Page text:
Where the contradiction between the individual and collective can rear its head is one independent socialists do not have to face: the relationship between the blogger and the party they are a member of. This might help explain why so comparatively few bloggers are paid up members of revolutionary left groups. I don't believe it's because Leninist groupings are genetically predisposed to churning out mindless activists. Instead it is about the culture of activism they engender among socialists. Unlike say, for example, the Greens or Labour, where party activity may just be one type of activism among several different kinds, for us the party is the centre of our activity. The purpose of the party is to organise a collectivity of activists in pursuit of its objectives, which all Leninist groups manage to do to greater or lesser extents. This impulse of directing everything through the party applies to all political activities, including those that are internet based. I've been asked on more than one occasion why I don't write more for party publications instead of blogging, and there's no easy answer to this question. Beyond, in my opinion, the unsuitability of much of this blog's material for The Socialist and Socialism Today, both of which address themselves to very different audiences than the small clutch of people who regularly read this blog.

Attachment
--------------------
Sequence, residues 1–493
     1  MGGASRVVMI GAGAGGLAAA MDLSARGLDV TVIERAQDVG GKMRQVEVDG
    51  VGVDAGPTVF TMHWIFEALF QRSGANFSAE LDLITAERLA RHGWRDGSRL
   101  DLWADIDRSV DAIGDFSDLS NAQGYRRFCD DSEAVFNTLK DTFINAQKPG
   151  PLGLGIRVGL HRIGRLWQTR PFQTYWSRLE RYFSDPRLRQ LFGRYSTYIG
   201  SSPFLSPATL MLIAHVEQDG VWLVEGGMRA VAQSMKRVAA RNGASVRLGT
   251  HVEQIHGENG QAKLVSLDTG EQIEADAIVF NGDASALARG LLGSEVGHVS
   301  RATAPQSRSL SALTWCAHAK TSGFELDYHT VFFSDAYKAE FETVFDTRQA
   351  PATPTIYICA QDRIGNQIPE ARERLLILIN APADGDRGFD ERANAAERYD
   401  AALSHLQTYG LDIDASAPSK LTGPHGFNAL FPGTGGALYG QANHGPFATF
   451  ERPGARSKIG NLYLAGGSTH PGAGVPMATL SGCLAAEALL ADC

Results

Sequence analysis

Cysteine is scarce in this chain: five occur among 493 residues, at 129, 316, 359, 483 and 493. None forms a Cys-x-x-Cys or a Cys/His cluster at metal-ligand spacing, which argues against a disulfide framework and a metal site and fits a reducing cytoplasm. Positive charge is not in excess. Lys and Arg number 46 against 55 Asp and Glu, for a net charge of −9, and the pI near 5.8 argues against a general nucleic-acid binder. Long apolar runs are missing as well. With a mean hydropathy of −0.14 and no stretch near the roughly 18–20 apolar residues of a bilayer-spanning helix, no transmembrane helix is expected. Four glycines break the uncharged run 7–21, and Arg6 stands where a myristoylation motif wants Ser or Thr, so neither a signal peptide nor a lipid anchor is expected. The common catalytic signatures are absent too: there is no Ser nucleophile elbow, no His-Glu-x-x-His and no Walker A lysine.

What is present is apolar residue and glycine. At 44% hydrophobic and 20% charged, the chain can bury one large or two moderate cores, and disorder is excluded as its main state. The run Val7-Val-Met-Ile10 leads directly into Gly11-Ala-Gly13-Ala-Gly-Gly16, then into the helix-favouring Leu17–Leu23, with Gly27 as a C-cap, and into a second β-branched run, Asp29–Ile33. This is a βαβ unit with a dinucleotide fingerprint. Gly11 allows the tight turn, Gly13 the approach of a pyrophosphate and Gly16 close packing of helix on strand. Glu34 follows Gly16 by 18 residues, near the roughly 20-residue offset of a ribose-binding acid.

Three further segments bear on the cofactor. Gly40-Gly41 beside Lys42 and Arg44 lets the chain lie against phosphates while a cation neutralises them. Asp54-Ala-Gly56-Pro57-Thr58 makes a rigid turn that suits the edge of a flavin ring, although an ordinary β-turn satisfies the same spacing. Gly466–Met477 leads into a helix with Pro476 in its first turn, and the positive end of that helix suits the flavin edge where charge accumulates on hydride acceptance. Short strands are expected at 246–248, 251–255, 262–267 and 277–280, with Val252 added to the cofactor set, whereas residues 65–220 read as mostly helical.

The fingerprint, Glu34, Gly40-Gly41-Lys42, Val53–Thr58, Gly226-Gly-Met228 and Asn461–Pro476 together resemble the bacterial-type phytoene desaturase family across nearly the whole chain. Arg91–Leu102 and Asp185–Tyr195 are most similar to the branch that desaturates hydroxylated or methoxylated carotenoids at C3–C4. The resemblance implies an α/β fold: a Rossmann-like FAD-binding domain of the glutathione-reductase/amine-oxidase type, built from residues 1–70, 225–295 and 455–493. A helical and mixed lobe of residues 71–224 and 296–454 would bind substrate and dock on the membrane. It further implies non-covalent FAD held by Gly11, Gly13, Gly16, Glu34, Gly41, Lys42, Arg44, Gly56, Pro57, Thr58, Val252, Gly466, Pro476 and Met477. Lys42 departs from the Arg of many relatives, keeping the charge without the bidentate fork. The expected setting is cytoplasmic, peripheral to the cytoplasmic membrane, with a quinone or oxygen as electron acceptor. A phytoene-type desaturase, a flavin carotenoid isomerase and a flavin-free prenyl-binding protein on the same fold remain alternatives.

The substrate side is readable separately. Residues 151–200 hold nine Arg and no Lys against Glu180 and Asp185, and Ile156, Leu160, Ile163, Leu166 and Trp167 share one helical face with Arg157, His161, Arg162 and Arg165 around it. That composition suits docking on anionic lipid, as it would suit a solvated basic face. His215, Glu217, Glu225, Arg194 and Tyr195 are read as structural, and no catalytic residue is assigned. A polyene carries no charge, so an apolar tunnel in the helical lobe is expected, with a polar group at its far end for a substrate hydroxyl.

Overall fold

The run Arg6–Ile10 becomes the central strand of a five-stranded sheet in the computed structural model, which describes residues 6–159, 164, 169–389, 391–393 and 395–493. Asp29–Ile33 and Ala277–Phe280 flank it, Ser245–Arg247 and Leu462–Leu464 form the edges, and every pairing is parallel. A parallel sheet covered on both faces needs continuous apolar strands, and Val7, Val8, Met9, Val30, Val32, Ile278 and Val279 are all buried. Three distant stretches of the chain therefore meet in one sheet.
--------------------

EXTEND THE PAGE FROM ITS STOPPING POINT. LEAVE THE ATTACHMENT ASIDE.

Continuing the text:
Because of this, blogging should not be seen as a substitute for writing for party publications. Instead, it can complement them. For example, on the whole, I think Lenin's Tomb does a good job promoting the politics of the SWP. Likewise, I think the various pieces I've written about Socialist Party politics, be they branch discussions, regional and national gatherings, public meetings, activist life and the work of my branch in Stoke reflects well on the party as a whole. I hope it works to undermine a few myths that have accumulated around Militant, the SP and the CWI over the years too.